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Dave Cheong on staying focused at work

18 Ways to Stay Focused at Work

In this post from last August, Dave Cheong pointed out some of the hazards of working in a cube farm, and he proposes some handy tips for wresting back your attention from a room full of interruptions and distractions. I think a few of these tips are big winners.

Allocate time slots colleagues can interrupt you...Instead of having people stop by your desk every 10 mins and asking you questions, let them know of a time in the day, say between 2-4pm you can be interrupted. At all other times, you can really get some work done...

Apply time boxing...Instead of working at something till it is done, try working on it for a limited period, say 30 mins. By that time, the task is either completed or you allocate another time slot, perhaps in another day, to pick it up again...

Find the best time to do repetitive and boring tasks...For example, I’m more alert at the start of the day, so it’s better to work on things which require brain power early. Working on boring tasks that can be done via auto-pilot are better left towards the end of the day when I’m usually tired.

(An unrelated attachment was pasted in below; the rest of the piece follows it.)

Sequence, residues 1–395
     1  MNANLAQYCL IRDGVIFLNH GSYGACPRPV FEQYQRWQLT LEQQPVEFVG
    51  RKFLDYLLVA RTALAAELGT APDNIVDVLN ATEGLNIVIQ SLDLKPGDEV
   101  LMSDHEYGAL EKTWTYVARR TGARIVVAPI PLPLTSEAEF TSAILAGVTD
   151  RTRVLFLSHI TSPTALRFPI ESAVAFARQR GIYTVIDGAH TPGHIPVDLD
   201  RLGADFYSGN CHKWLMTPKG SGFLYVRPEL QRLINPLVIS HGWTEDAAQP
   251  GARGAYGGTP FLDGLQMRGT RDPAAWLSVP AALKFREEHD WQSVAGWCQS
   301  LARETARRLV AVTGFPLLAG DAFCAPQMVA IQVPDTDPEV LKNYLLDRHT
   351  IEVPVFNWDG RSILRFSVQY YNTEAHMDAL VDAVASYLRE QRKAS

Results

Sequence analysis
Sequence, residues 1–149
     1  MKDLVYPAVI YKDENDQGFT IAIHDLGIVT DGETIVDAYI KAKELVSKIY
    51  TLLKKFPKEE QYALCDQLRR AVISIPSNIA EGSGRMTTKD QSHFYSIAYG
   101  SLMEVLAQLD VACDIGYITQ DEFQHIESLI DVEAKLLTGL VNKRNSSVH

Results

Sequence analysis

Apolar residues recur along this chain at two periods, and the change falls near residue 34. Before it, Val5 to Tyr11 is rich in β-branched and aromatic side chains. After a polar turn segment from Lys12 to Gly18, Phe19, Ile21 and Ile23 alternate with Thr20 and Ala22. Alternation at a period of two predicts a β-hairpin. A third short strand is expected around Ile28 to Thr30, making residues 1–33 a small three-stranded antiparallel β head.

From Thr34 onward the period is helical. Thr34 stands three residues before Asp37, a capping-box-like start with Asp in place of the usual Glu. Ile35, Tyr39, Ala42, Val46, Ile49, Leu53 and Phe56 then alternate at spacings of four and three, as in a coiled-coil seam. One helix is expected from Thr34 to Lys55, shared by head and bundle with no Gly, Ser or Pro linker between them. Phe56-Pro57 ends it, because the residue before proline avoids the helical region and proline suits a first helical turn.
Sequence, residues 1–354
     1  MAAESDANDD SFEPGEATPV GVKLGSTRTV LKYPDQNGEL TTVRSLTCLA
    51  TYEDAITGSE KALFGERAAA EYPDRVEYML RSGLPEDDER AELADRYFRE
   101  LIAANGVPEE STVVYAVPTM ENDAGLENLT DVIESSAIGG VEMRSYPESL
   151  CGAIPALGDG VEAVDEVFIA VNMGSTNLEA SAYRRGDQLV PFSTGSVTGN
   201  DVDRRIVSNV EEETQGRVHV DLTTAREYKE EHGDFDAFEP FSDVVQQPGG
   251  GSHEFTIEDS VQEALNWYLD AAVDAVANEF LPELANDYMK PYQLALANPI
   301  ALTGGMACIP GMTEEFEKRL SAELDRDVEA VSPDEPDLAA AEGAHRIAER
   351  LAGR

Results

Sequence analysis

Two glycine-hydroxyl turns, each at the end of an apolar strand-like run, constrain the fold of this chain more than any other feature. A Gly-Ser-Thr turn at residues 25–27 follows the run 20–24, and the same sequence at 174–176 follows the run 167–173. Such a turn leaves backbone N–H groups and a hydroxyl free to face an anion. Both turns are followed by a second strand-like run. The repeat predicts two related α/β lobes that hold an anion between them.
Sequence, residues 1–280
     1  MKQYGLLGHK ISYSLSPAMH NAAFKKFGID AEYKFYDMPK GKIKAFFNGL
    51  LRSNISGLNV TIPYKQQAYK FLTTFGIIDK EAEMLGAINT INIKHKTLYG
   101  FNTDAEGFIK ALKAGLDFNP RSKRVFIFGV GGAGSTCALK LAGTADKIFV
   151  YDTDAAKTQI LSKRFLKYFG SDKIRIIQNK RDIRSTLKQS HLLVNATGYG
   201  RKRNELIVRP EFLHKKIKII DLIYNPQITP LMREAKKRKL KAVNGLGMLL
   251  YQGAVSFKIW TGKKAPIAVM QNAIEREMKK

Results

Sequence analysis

I realize that many of these ideas assume a lot of autonomy and control over your work day as well as how you conduct it -- obviously not every career is conducive to the enforcement of what amounts to "office hours" -- but I think that's kind of the point as well as the irony and the big, bottom-line challenge.

If the typical knowledge worker were removing shrapnel, driving a fire truck, or piloting a shrimp boat, people would know to leave him or her alone; clearly that person is "working." But if someone is "just typing with headphones on," there's a seemingly small disincentive to, say, just ask a quick question or even conduct the equivalent of a 5-minute meeting.

It's really up to each of us to learn these tricks and (one hopes) to eventually develop some structures -- bulwarks against interruption and attention larceny -- and to encourage an atmosphere where all our colleagues can know, respect, and support one another's need to minimize unnecessary distraction.

For now, we've got headphones and an icy stare, and I guess that's better than nothing.

About Merlin

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Merlin Mann is an independent writer, speaker, and broadcaster. He’s best known for being the guy who created the website you’re reading right now. He lives in San Francisco, does lots of public speaking, and helps make cool things like You Look Nice Today, Back to Work, and Kung Fu Grippe. Also? He’s writing this book, he lives with this face, he suffers from this hair, he answers these questions, and he’s had this life. So far.

Merlin’s favorite thing he’s written in the past few years is an essay entitled, “Cranking.”




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